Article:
Active as a folk singer since 1971, John Prine’s style is reminiscent of another time. The power of his performance on Friday was in its subtlety. Dressed like Johnny Cash, his voice husky with wisdom and cigarettes, he sang to the old sentiments of America. While listening to tracks like “Grandpa Was a Carpenter”, one envisioned rocking chairs and summers by the lake; through his knack for songwriting and gentle acoustic guitar strumming, Prine created truly vivid imagery onstage. Folk artists today should take their notes from Prine; his formula is composed of simplicity and talent. The audience came to see Prine’s performance for his old soul, the way his voice carried on the early autumn wind during tracks like “Fish and Whistle”. He left the crowd with the whims of nostalgia, of a time when all you needed to create great music was an acoustic guitar and a vision.
Chris Isaak – Star Stage
The essence of Chris Isaak lies in the art of seduction. His voice drips like caramel when he performs live and is even sweeter than the croon that classifies his recorded work. The highlight of his performance, however predictable, was “Wicked Game”. With its infamous guitar succession from the Bm to A to E chords, its performance live delivers all of the dark romanticism one would envision. His artful yodel reverberating through the crowd, he sang, “Oh, I don’t want to fall in love with you,” and yet every woman instantly and effortlessly fell in love with him. At the song’s end, he held an infinite last sigh, and the crowd went wild for this man who mesmerizes.
M. Ward – Rooster Stage
Matthew Steven Ward, or simply “M. Ward”, conducts a rambunctious live show. Originally arising out of the Portland music scene, he’s been making music since 1999, and his sound has evolved to integrate the grind of rock and roll with tender, folkish finger picking. His performance at HSB seemed to be emulating Elvis, and just like with the King of Rock and Roll, the crowd adored M. Ward. His rendition of “Chinese Translation” was thunderous, with kick-drum beats that were so loud they threatened to break the speakers and a thrilling ensemble of electric and acoustic guitars. The crowd loved him so much they demanded an encore, and he was the perfect precursor to Bright Eyes, the next act on the Rooster Stage.
Robert Plant and the Band of Joy- Banjo Stage
Friday night at the Banjo Stage, Robert Plant and the Band of Joy were like the release of a long-held breath; there, before a crowd of thousands, was one of the greatest figures in rock and roll history. Plant formed his Band of Joy in 2010 in the pursuit of “something trippy, something far out” in which to sink his teeth into. Following a series of successful collaborations with Jimmy Page and Allison Krauss, Plant’s latest endeavor with the Band of Joy has led him around the United States in the past year to promote the band’s eponymous debut. Given his legacy as the lead singer for Led Zeppelin, one can tell from original tracks like “I Can’t Quit You Baby”, “Gallows Pole”, and “Babe I’m Gonna Leave You” that a blues influence has always existed in Plant’s creative musings, and has since framed the bluegrass sound for his modern Band of Joy.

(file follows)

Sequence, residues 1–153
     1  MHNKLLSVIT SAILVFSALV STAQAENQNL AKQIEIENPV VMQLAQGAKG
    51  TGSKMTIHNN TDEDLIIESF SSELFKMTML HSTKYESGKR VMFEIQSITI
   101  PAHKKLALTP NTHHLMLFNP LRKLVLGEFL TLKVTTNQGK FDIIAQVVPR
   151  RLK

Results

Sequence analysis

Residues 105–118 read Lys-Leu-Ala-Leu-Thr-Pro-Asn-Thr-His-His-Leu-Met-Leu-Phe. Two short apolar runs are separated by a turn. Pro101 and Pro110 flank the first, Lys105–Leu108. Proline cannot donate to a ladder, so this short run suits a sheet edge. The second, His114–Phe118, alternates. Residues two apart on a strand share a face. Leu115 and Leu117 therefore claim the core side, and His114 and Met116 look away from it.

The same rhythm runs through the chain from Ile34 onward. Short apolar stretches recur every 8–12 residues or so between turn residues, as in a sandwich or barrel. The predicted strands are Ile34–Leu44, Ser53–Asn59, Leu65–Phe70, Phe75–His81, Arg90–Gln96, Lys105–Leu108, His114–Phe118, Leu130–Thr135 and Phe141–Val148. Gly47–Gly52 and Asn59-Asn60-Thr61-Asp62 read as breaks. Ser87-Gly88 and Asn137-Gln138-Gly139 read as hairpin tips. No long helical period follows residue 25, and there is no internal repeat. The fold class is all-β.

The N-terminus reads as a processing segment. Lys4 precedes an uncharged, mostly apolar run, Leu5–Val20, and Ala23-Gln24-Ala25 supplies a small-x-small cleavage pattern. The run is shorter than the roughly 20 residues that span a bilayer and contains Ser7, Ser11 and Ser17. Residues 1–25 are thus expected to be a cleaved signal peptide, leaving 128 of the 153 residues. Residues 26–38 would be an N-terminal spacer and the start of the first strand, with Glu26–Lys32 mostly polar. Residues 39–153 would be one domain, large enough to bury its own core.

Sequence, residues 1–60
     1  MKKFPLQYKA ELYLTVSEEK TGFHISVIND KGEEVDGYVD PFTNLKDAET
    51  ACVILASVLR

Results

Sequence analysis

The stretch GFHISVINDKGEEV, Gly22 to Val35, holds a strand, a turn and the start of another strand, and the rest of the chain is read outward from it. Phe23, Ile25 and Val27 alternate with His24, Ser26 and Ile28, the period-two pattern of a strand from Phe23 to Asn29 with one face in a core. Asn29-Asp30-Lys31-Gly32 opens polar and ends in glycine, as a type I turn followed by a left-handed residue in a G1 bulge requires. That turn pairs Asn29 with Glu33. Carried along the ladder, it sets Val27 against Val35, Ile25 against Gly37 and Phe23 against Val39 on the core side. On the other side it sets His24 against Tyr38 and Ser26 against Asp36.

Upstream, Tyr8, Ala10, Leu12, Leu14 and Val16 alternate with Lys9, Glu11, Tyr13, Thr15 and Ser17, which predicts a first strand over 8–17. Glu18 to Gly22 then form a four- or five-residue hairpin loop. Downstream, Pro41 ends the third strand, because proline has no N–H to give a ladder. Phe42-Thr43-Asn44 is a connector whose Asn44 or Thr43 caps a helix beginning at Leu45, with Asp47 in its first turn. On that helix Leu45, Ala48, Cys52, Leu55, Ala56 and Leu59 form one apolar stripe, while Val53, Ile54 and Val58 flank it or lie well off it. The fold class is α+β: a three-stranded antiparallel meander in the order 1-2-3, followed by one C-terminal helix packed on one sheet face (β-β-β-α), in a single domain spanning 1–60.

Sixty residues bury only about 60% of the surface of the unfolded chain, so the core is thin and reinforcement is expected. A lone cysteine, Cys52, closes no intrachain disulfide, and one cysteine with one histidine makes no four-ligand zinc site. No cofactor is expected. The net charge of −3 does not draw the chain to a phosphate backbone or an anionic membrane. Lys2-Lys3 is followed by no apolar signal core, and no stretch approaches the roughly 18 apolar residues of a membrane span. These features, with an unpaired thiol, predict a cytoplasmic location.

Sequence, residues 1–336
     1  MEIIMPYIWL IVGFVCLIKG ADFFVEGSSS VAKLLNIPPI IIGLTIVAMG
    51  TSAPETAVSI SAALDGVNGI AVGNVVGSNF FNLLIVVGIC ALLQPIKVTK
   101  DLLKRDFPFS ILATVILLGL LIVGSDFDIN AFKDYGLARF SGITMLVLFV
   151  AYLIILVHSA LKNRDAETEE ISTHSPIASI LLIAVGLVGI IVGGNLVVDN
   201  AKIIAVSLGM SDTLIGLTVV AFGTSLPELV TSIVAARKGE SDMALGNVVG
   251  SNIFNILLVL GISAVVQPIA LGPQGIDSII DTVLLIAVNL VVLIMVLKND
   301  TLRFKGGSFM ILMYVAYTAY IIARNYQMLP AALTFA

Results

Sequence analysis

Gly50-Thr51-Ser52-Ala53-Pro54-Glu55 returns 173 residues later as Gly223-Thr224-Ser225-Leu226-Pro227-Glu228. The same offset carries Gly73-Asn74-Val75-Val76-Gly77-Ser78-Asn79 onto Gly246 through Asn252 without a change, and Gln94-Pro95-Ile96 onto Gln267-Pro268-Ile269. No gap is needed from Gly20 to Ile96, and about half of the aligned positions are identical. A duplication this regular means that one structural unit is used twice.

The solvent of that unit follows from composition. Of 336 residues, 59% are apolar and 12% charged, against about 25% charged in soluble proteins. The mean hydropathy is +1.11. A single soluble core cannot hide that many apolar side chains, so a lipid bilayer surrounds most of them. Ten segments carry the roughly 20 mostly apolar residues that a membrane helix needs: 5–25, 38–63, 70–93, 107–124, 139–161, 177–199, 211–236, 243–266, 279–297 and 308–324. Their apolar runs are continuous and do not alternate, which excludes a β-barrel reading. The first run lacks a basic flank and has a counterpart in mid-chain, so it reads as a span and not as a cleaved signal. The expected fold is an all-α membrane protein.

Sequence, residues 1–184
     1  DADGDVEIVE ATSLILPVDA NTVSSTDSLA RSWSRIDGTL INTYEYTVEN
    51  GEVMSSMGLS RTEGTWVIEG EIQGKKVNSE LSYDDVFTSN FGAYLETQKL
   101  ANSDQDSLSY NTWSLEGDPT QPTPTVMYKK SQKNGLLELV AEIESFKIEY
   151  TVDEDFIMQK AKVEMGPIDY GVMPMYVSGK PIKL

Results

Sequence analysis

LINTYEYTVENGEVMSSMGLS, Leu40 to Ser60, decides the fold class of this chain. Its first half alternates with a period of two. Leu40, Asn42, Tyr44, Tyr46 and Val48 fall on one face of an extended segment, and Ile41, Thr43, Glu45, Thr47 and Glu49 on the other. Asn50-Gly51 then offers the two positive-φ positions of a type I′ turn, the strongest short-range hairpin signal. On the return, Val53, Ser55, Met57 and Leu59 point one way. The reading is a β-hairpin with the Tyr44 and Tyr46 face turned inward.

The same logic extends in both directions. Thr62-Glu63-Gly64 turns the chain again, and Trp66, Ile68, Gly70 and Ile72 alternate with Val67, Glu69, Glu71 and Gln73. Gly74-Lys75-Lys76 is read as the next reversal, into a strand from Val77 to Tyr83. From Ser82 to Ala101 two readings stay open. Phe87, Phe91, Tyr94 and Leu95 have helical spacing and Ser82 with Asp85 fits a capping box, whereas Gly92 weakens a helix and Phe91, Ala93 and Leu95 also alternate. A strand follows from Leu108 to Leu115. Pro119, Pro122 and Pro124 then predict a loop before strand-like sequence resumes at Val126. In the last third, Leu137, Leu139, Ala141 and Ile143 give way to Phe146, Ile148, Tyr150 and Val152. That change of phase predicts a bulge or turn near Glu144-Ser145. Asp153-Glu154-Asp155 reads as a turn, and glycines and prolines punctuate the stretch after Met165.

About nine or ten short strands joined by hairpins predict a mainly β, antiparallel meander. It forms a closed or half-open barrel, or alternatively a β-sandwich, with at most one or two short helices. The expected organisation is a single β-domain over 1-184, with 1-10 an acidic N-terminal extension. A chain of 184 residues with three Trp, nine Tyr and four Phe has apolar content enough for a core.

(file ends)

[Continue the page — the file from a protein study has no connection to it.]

Covering Zeppelin songs like “Black Dog” during their performance, the Band of Joy put their distinct twist on the classics. And though Plant is 63 years old, with a long history of infamous nights raging and ravaging the music world, his live performance at HSB proved that true talent never dies. He visibly felt every note, every wail of the guitar. He is music; he was effeminate and exaggerated, moving like a sphinx, twisting and twirling and clapping along with the beats. The Band of Joy’s performance of “House of Cards” was a jewel, with long, trailing guitar wails matched perfectly to the resonance of Plant’s high-pitched exultations.
Bright Eyes – Rooster Stage
Clamorous and willing, the crowd collected in a small corner of Golden Gate Park’s Speedway Meadow to see Bright Eyes. The California sun setting behind them, the crowd instead faced east, allured by the promise of seeing Conor Oberst live. As one of the headlining acts of Friday evening, the band delivered all of its hooks masterfully, with Oberst’s voice exhibiting its uniquely raw and reverberating sound. The two best songs of the set were some of Bright Eyes’ classics, “First Day of My Life” and “Lover I Don’t Have to Love”. “First” was played with Oberst set on center stage in a vulnerable and poignant position; a pipe organ traced the song’s beat behind him. “Lover” followed directly after and is often considered a stark contrast in sound and style to many of Bright Eyes’ songs. Extremely stylistic when performed live, it was flavored with a sweeping electric guitar, as well as the keyboard and drum succession that make it such a strong piece. It was a dramatic example of Oberst’s talent and vision, and on Friday night he proved that he truly deserves to be called one of the most influential artists of the indie music scene.